And then there is the local library staff. I ask for a book. A book they have reserved for me. It's on the shelf behind the woman at the counter. She says she doesn't have it. I say I see it; it's right behind her. She says she doesn't like my attitude. She abruptly turns around and talks to her supervisor. This takes a while. Other patrons form a line behind me. She comes back and gives me the book.
Enough of that and you just stop going.
Now, multiply what I just wrote by millions. And talk to old Jews and old Italians who used to live in Newark, or Irish who used to live in Paterson, or people I know who used to live on Liberty Street – until they were mugged / robbed / arson / drug dealing.
Yes, black lives matter. Maybe these white ethnic lives mattered, too. Their ancestors didn't own slaves; their ancestors were serfs and sweatshop workers. Those tiny little, pristine homes that stara babkas cleaned so scrupulously, sweeping the streets in front. The cafes where Italian men sat around sipping cappuccino. But they are gone from Newark or Paterson. And no one dare tell the story of why they left.
So, Karen, I went to your library, five miles away.
Listen, Karen, I keep asking myself why we didn't do more. And it comes down to this. When I was talking to you, I always felt ashamed. I walked to your library. If it was summer, I was minimally dressed. I sweat. If it was winter, I was in a coat that got hot and heavy as soon as I walked inside. I smelled bad and I was dressed poorly in clothes meant to survive a ten-mile roundtrip along a four-lane highway.
And you, Karen, always looked so beautiful.
And those final days?
Karen, you worked in two different branches of the library. I never knew which one you were in on any given day. So when I didn't see you for a while, I thought, she's at the other branch.
Till that day when I saw a flier on the counter. "Memorial for Karen … " I started crying.
Karen. You were so alive.
I keep looking back for signs.
You: "How are you?"
Me: "Sad. My sister Antoinette just died. How are you?"
You: "Sad. My husband Fred just died."
Did we honor each other's pain? As I checked out books?
So, your memorial service.
As soon as I walked in from the cool, dark, rainy night – God lord, how long have I been shaking my fist at heaven, raging against sun and heat and dryness? And here it was cool, and damp, and dark, and I hated it and wanted the sun back; there, I've said it. As soon as I walked in, I was glad I came.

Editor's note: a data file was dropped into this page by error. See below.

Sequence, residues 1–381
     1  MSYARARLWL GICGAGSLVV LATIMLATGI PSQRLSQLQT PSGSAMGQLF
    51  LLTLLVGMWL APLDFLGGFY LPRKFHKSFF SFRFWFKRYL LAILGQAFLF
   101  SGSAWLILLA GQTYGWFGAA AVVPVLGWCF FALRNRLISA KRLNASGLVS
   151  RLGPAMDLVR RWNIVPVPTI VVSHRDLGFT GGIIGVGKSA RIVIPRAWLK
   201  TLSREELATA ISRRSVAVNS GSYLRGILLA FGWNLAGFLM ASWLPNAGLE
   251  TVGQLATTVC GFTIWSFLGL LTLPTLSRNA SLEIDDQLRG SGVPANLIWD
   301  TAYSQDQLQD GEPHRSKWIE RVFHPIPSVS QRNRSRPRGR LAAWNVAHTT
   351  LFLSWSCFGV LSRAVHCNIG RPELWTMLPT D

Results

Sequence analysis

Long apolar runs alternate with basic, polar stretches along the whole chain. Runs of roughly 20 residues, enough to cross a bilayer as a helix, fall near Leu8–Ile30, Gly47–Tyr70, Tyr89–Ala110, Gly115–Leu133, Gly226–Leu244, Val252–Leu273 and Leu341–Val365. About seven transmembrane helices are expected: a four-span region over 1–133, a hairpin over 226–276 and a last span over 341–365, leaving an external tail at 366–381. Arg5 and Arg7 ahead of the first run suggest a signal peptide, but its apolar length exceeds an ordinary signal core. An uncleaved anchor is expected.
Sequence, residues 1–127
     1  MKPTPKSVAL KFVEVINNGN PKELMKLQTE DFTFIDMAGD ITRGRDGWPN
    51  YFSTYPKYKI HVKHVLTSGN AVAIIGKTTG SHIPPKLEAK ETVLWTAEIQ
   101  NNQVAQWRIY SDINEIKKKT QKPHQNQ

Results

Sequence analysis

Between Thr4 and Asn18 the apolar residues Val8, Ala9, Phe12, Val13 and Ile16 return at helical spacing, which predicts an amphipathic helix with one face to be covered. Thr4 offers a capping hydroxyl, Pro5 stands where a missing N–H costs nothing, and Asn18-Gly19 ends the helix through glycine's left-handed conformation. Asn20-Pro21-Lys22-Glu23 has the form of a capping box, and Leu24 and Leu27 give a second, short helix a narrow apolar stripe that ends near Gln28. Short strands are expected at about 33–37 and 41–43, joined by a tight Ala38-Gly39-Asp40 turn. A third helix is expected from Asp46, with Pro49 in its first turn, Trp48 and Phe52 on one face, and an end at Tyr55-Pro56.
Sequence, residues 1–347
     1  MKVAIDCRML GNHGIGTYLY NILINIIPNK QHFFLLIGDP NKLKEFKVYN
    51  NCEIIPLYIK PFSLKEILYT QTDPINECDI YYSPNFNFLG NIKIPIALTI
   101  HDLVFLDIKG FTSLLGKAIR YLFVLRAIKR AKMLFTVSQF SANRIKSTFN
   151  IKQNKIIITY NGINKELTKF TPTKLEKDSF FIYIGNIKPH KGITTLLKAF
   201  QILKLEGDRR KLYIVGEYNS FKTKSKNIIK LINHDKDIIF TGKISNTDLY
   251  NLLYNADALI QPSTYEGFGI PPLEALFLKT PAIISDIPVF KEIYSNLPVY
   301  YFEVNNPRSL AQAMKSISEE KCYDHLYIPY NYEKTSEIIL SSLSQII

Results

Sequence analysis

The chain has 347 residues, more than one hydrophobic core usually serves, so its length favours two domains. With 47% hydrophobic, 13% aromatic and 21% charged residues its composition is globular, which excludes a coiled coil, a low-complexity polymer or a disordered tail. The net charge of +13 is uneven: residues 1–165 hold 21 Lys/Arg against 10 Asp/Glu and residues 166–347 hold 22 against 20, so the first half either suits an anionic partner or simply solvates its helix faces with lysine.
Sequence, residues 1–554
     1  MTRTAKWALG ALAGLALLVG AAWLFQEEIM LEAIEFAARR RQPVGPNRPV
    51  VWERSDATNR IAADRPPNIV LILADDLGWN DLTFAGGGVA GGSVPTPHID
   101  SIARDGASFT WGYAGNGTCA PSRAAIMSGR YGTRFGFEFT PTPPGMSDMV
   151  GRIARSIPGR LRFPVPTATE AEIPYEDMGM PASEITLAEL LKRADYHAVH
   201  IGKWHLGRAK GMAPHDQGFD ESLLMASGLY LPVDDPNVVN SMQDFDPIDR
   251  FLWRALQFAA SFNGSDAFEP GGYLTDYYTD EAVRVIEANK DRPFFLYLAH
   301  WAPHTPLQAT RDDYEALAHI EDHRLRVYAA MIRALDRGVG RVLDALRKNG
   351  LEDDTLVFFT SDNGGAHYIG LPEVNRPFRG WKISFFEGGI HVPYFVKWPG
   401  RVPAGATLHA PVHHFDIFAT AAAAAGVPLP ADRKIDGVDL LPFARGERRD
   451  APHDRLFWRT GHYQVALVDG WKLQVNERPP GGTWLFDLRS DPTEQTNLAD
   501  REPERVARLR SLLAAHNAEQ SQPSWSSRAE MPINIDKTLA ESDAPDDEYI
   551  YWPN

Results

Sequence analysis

The library did itself proud. There was a crew of librarians at the front door to greet us and guide us into a side room. The room was brightly lit. There was a table in back with food. Food! How great. I didn't expect food, but it was such a nice touch. Sparkling apple cider, cheese cubes and pepperoni, crackers, those decorative Italian bakery cookies that don't taste like much except sugar and flour and probably artificial vanilla but that look very nice. Fruit.
Against another wall, a collage of quotes, some by famous people, some by people who knew you. This, from Martha Graham: "There is a vitality, a life force, an energy, a quickening that is translated through you into action, and because there is only one of you in all of time, this expression is unique. And if you block it, it will never exist through any other medium and it will be lost … It is not your business to determine how good it is nor how valuable nor how it compares with other expressions. It is your business to keep it yours clearly and directly, to keep the channel open. You do not even have to believe in yourself or your work. You have to keep yourself open and aware to the urges that motivate you."
Parallel to that table was another table, loaded down with books about art, knitting, and cooking. Your knitting group had donated six hundred dollars to the library; the library used the money to buy books about things you loved.
In front was a collage of photos of you. None of them adequately captured your beauty. Your sisters and stepdaughters sat up front.
The room was so full I had to strategize to claim a seat. Very good. You got a good turnout, Karen!
A spunky, petite, no-nonsense grey-haired woman snapped us all to attention. She didn't say much of anything. Just asked if anyone wanted to say anything. Another gray-haired woman, still in her raincoat, said she didn't want to get up front but would say something. She did.